Abisola Tolu-Odutola is the founder/CEO of Mumspring, a healthtech startup that is on a mission to transform maternal and neonatal health in Africa. The Mumspring pregnancy tracker app provides African mothers with resources and guidance during and after pregnancy.
1. Tell us about one of the toughest situations you’ve found yourself in as a business owner.
I recently faced one of my toughest situations as a business owner. In my business, it can be difficult to stay focused because I’m constantly testing how I can best serve my customer segment. African moms are incredibly underserved. As a company, there’s so much we can do to help them but we need to know what’s going to move the needle in order to allocate resources appropriately.
With that in mind, I decided to close my brick and mortar store. When I first started Mumspring, I heard from customers that they wanted a retail location to touch and feel the products.
But, as I grew the business, I realised that I can help more moms at scale by focusing on our app. It was tough to close the store because it was a part of our story but it was the right decision.
2. What business achievement are you most proud of?
I’m most proud of attracting members of my senior team who have stuck with me – even when cash flow is tight. We had a month this year where revenues were 10% of the entire year’s average. We had tested a new marketing strategy which clearly failed and resulted in low sales.
Four of my senior staff didn’t blink an eye. They acknowledged that salaries might be late this month because sales were lower than expected. But they understood.
I’m proud that I was able to attract that type of employee. For me, it shows that I’m not crazy; it shows there’s an opportunity in serving expectant moms in Nigeria. That I’ve been able to get people to buy into my vision and go through the ups and downs with me – I’m really proud of that.
3. Tell us about your greatest weakness as an entrepreneur.
One of my personal strengths has been a weakness at work.
I tend to be a warm and empathetic person. When an employee is underperforming, rather than point the finger, I try to see if the company hasn’t given the resources to enable her best work.
Empathy can be perceived as a weakness because in Nigeria people are used to a controlling and extremely hierarchical environment – not a warm and congenial environment. Nigerians know the stick, not the carrot.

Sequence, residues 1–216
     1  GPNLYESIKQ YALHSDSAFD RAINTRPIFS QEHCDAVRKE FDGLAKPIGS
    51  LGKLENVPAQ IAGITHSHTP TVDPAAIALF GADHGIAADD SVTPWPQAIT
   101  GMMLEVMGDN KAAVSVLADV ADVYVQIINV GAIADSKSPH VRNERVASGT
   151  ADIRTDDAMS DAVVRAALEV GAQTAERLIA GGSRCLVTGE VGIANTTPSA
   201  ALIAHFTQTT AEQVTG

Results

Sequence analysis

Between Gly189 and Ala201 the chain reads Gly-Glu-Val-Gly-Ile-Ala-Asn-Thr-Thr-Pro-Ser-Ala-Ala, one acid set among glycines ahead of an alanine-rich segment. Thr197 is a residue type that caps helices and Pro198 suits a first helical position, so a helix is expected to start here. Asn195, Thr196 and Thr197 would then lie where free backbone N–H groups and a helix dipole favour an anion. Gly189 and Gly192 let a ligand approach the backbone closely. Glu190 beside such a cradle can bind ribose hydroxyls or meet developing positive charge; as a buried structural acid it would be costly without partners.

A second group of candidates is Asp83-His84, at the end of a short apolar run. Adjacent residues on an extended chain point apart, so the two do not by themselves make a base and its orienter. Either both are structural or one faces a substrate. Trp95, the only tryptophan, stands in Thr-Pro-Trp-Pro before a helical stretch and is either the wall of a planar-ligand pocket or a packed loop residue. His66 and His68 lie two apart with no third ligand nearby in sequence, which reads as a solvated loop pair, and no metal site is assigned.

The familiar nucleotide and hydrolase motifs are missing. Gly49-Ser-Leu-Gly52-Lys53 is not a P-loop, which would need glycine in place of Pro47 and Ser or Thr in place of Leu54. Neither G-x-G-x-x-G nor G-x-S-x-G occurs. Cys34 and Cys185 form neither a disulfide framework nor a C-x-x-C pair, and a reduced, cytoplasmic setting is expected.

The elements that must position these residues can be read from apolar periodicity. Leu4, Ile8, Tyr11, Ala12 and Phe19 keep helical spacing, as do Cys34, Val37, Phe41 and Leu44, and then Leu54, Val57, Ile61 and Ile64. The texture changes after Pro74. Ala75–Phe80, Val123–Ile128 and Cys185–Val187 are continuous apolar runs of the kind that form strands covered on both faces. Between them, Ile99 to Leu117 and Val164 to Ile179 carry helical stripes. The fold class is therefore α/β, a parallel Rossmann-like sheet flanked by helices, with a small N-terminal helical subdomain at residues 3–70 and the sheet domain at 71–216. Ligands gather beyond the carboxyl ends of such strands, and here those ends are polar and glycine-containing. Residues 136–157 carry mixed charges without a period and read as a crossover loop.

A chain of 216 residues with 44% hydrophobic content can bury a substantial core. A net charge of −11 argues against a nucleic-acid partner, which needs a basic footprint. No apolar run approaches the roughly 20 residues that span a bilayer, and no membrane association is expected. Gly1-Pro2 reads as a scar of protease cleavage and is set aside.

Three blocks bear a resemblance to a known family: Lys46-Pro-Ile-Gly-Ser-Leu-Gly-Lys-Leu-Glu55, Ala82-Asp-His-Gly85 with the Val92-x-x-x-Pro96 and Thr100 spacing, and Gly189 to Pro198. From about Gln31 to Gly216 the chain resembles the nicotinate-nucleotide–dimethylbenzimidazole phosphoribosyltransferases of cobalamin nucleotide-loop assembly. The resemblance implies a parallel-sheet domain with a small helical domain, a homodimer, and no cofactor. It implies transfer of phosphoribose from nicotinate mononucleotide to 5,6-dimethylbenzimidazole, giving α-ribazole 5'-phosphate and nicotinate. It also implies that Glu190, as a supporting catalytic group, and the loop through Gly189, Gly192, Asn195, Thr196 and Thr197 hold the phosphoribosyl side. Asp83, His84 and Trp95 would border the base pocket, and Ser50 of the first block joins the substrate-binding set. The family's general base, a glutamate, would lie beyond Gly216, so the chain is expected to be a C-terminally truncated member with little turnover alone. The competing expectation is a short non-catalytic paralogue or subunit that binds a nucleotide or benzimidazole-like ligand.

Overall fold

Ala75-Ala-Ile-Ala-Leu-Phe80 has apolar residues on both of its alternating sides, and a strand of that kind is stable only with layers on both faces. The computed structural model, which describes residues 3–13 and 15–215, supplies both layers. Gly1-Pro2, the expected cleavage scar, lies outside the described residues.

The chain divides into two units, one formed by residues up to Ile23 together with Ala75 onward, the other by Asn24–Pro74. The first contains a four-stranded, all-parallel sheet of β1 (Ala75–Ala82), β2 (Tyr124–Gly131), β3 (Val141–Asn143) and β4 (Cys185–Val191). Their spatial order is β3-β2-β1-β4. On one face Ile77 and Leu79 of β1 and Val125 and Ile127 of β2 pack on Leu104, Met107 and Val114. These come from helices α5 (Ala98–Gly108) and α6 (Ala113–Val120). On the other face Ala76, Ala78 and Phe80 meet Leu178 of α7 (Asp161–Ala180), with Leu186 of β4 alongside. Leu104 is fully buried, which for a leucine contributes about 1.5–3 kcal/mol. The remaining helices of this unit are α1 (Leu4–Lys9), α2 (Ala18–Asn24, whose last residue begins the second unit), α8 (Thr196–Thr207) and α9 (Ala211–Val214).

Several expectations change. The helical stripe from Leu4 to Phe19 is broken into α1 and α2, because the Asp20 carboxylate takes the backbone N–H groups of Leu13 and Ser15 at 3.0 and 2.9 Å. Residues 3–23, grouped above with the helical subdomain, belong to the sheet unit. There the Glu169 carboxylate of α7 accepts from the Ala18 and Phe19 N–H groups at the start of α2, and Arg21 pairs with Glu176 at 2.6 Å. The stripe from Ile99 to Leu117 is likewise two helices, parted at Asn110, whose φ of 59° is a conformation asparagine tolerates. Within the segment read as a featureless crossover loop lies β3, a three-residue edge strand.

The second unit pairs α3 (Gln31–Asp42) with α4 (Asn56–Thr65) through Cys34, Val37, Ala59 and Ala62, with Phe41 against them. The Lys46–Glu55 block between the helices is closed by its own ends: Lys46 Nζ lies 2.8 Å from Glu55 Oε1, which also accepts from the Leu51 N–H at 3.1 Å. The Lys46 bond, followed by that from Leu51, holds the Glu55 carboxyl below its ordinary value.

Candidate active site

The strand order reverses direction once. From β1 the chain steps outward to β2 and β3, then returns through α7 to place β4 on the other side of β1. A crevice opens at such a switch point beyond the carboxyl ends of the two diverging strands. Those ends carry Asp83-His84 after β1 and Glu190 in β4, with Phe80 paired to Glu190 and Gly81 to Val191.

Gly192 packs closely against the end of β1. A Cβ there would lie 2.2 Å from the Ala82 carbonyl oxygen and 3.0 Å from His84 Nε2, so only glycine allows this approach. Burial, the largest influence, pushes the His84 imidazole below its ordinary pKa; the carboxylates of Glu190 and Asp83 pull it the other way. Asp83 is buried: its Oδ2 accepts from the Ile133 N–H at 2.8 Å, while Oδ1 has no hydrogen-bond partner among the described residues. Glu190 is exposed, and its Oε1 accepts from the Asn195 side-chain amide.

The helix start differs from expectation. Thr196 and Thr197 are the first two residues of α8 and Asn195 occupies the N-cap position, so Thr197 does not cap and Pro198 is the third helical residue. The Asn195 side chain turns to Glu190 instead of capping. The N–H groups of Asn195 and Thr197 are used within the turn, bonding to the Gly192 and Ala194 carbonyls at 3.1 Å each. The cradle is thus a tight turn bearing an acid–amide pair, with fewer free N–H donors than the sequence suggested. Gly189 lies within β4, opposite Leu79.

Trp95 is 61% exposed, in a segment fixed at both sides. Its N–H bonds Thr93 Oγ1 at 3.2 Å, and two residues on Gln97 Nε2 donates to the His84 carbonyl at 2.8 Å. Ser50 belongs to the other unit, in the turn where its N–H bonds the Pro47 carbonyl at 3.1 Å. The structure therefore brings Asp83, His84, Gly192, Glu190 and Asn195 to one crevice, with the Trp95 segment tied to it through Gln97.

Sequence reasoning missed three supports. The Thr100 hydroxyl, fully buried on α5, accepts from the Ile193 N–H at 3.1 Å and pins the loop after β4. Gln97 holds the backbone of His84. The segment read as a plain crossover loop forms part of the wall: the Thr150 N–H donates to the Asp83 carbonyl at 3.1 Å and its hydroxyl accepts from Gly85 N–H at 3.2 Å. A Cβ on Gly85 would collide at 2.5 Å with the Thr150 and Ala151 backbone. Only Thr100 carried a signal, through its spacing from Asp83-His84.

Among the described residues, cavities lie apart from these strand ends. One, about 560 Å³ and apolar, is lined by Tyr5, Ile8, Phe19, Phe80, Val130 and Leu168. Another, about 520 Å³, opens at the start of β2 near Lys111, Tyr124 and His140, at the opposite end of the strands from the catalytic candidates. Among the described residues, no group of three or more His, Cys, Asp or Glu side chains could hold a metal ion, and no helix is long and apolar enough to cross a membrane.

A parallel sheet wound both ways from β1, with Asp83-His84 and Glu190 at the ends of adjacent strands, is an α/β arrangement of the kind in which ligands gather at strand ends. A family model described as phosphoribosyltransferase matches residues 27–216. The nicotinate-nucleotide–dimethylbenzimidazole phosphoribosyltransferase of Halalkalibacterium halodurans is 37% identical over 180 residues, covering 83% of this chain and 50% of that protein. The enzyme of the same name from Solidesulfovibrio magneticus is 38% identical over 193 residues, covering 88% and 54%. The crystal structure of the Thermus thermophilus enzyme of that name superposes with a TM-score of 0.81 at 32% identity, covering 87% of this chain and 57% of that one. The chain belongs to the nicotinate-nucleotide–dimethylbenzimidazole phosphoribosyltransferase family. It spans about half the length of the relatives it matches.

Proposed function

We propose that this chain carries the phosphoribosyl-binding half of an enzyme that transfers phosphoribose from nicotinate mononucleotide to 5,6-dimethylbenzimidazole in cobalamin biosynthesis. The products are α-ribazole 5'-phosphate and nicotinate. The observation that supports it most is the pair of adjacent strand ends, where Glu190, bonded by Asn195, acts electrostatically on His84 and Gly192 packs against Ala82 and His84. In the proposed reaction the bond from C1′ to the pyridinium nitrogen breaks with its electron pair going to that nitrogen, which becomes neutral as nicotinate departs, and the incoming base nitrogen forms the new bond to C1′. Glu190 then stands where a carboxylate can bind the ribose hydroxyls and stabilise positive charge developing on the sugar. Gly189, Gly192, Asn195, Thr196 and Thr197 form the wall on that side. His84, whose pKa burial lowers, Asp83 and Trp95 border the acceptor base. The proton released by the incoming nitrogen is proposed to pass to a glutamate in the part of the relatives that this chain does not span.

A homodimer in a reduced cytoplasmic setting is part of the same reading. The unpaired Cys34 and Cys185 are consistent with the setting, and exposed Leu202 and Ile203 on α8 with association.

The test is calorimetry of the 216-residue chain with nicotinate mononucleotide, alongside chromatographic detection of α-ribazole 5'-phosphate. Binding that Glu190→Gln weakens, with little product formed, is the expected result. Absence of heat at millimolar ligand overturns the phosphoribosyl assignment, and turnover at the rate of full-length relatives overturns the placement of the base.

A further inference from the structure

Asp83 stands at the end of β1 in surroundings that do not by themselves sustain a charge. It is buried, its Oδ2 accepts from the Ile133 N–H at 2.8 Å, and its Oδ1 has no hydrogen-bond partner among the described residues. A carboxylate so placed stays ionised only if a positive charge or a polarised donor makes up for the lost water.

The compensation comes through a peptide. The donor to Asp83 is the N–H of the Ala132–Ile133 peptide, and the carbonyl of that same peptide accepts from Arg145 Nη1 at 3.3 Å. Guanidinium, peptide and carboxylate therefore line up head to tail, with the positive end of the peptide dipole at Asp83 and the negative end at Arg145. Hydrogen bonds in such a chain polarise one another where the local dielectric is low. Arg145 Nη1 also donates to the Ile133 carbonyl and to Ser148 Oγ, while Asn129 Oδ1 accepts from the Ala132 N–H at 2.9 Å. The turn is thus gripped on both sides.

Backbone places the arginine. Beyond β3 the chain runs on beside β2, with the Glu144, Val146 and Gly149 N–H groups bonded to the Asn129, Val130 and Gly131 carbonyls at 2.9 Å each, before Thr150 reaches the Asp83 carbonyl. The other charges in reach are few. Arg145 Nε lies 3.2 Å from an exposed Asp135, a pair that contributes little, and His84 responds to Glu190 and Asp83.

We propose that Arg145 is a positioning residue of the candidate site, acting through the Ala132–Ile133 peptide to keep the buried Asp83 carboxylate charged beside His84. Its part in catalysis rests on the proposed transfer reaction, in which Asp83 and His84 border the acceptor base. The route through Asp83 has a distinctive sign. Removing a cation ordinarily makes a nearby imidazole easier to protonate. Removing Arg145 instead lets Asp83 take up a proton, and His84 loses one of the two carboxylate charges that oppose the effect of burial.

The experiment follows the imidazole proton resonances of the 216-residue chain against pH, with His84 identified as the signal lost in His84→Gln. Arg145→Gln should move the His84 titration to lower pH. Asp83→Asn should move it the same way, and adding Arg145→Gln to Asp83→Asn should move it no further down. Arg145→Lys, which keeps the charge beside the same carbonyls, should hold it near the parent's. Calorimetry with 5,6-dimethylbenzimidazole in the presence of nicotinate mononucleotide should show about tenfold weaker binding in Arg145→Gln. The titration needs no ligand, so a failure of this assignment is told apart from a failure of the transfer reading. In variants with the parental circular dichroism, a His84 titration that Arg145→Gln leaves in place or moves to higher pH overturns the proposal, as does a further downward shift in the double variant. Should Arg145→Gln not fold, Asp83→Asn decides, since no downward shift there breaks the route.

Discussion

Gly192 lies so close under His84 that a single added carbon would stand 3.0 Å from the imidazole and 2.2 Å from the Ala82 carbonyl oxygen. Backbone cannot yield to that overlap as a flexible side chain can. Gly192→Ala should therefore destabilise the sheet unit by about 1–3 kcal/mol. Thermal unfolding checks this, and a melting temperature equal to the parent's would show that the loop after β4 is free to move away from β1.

Because of this, people have tried to take advantage of my kindness.
In the end, I had to adopt a more balanced management style and moved to an incentive-based pay structure. I tie salary and benefits to employee and company performance because I want employees who can take ownership of their work. That way we’re all on the same page – we’re all moving the same levers.
4. What conventional business wisdom do you disagree with?
In Nigeria, there’s a common belief that you control your own destiny as an entrepreneur. You get to be your own boss. That boggles my mind because as an entrepreneur everyone is your boss. Your employees. Your investors. Your customers. You now have multiple bosses. You have great responsibility to a number of people.
No one talks about how exhausted you feel all the time. Rather everyone seems to put on a brave face.
5. Is there anything you wish you knew about entrepreneurship before you started?
I wish I knew the financing requirement when I first started in 2016. It’s probably good that I didn’t because I would have never started a business. I naively thought I could bootstrap it all the way. But then I got to a point where I exhausted my savings.
Now that I believe in the business more than I did back then, I’m able to fundraise. But, in the beginning, I was too scared to take other people’s money because I didn’t know if it was going to work.
If I were starting over today, I would develop an app immediately because it’s an easier way to acquire customers. I’d also apply to an incubator programme in the US or UK since they help fast track your growth and your customer acquisition.